Standing in amazement, I asked, "how is the wire attached? I don't see any soldier." He said, "I glue them. Use this all the time."
Devcon 5 minute epoxy Devcon 30 Endicott Street Daners, MA 01923 978-777-1100 http://www.devcon.com "
Hope this helps, I have not used them.
David
snipped-for-privacy@bigfoot.com wrote:

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On Thu, 29 Sep 2005 02:44:11 GMT, David P Harris wrote:

I have a German-made small kitchen scale: a simple flat plastic brick until you pull up and fold over the platform, and swing out the little (1.75 inch) flat piece pivoted on the bottom that makes (with little ridges on the bottom corners of the brick) a third leg to support it. We'd had it just a few weeks when the leg got broken, about 1/2 inch from the pivot screw.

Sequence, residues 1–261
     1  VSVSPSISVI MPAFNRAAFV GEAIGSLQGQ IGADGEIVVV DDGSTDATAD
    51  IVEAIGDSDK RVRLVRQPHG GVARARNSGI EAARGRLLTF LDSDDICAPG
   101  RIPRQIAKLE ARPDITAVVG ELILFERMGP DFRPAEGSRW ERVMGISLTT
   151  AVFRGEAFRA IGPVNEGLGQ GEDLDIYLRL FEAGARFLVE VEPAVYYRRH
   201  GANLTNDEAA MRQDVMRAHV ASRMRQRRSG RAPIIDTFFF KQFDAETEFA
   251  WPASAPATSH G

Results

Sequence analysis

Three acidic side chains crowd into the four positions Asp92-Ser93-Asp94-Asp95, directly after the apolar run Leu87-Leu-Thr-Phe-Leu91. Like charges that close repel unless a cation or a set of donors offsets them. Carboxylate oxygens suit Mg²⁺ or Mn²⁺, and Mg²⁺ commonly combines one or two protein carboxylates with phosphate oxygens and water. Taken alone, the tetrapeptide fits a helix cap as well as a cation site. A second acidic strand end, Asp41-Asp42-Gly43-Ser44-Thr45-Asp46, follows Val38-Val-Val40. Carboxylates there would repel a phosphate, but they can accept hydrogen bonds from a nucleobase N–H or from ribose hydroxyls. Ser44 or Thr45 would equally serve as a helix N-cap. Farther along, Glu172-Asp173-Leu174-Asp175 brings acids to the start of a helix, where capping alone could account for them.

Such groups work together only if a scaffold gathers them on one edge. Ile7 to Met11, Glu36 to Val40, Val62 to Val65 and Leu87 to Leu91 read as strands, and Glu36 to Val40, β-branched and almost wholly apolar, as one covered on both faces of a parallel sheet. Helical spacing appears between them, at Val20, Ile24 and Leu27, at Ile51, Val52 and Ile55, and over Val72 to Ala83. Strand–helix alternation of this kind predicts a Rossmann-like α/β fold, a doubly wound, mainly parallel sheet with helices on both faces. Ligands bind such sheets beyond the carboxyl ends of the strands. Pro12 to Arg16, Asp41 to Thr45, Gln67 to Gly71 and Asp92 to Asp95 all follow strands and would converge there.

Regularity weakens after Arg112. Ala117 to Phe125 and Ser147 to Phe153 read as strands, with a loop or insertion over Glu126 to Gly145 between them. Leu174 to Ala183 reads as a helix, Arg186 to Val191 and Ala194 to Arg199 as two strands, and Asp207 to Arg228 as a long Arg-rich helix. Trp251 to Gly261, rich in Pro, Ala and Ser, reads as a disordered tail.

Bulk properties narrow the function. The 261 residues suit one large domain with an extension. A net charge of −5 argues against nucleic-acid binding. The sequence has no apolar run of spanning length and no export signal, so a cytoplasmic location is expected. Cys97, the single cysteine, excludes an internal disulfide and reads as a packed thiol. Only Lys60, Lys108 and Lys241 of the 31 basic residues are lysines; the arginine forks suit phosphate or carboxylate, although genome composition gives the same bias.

The swing out leg was just a thin piece of plastic (about 1.5 mm thick) with a very small (< 1 mm) central ridge as a sort of stiffener. Obviously not a good candidate for a butt joint. But <g> I applied 4 short and narrow strips cut from filament tape to hold it together, on either side of the small ridge on the top and the bottom. Over that I applied a liberal (love that word!) layer of Devcon "gap filler" epoxy, and let it dry overnight under a warm lamp. The result was a translucent white smear wth the strands of glass in the filament tape vaguely showing through. That was 20 years ago, and we're still using it.
Of course the 2-phase material nature of the repair may be as much or more responsible as the brand of epoxy,
--
Steve